We were shortly lead to the large marble slab in the center of the room, where we lay long enough to begin to feel that delicious dizziness one feels in a hamam, though not long enough to be allowed to throw the cool water on ourselves and begin heating up all over again since each bather was recalled from their spot on the slab to another çeşme in the hot room by tag. I could hear the attendants at one point arguing over which bather belonged to whom by virtue of her number.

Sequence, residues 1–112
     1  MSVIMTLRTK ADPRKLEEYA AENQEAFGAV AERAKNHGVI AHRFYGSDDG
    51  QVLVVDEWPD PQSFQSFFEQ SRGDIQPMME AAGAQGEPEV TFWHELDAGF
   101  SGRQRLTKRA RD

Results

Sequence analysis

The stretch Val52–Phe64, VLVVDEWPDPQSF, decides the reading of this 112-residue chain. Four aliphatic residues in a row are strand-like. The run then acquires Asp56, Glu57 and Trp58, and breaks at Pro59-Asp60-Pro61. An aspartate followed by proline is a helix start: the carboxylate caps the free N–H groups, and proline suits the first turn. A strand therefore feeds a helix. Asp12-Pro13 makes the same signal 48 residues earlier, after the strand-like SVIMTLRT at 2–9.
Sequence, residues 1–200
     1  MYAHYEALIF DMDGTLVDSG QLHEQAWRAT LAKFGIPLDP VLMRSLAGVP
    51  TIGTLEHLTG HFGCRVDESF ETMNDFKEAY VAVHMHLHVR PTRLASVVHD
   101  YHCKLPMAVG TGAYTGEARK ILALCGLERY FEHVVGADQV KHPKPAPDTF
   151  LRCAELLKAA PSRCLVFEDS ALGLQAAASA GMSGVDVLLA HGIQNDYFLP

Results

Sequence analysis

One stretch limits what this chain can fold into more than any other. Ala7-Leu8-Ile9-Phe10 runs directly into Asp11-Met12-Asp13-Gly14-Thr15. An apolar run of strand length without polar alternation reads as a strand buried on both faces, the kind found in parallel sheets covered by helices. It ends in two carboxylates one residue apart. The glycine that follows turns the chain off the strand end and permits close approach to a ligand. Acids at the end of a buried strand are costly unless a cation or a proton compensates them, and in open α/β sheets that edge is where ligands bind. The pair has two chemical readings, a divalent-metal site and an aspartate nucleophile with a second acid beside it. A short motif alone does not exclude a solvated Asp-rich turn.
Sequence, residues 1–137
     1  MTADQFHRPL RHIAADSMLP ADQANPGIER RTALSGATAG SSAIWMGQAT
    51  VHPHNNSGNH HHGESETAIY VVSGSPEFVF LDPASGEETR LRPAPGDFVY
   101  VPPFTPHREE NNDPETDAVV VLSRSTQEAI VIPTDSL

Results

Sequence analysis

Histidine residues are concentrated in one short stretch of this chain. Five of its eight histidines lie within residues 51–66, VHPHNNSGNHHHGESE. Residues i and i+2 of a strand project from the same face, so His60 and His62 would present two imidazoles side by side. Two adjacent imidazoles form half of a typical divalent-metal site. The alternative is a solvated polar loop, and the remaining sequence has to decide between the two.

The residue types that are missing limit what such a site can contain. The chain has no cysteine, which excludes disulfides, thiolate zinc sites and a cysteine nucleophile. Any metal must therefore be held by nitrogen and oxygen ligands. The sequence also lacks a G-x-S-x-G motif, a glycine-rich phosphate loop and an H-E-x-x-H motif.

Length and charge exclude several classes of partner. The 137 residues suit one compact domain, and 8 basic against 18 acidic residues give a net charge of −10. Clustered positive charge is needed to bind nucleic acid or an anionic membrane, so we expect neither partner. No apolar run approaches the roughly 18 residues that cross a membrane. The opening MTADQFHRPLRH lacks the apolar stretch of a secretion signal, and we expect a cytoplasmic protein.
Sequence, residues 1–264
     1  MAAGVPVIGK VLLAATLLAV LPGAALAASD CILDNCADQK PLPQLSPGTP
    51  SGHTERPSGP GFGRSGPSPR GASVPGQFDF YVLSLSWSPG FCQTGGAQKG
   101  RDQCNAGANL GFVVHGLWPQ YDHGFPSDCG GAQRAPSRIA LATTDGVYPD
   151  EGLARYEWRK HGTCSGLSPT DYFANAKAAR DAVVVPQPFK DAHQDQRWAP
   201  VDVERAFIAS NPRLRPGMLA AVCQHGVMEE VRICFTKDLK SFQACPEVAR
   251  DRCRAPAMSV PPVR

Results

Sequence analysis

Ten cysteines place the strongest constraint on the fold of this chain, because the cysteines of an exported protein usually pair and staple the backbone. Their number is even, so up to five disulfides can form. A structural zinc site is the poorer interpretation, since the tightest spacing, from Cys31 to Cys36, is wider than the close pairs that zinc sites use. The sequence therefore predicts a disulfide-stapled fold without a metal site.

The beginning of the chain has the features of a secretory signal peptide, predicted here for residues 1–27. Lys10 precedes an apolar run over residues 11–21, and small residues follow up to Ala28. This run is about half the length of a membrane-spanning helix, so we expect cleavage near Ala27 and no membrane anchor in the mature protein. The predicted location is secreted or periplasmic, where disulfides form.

When I was brought to the fountain to be washed instead of being washed on the slab as is done in every hamam I’ve been to, my not so friendly attendant didn’t respond to my Turkish and in fact insisted on continuing in her limited English, and so after a while I gave up trying, though we both would have been better served conversing in the national language. It struck me then that while body language is quite effective in directing someone to raise an arm, that the place with its aims at an upmarket, foreign clientele should have attendants in the baths themselves that were at least fluent enough in English to truly serve. After all, these tourists were used to wait staff fluent sometimes in seven languages at their hotels, or at the least in two, so why did the haute service not continue in this lovingly restored wonder of architecture?